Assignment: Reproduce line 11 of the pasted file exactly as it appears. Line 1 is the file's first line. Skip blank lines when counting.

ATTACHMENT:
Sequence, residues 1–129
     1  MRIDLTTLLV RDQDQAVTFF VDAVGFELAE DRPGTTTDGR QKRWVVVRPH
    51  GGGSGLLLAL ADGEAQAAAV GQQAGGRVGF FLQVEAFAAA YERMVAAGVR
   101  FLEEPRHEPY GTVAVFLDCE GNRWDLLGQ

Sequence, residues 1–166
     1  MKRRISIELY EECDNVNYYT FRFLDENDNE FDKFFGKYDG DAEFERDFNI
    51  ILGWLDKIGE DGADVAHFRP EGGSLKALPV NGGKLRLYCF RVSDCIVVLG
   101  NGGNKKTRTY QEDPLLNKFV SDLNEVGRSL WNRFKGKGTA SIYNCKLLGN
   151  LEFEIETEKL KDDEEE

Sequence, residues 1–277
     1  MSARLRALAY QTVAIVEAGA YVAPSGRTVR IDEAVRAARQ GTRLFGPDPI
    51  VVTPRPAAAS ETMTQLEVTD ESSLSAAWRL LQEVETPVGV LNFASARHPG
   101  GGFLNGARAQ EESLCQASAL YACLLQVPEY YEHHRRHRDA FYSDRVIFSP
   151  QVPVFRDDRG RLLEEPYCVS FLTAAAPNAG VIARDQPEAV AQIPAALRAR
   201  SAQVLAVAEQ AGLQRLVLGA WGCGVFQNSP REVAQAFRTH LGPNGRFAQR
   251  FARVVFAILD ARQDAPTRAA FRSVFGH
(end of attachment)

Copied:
     1  MSARLRALAY QTVAIVEAGA YVAPSGRTVR IDEAVRAARQ GTRLFGPDPI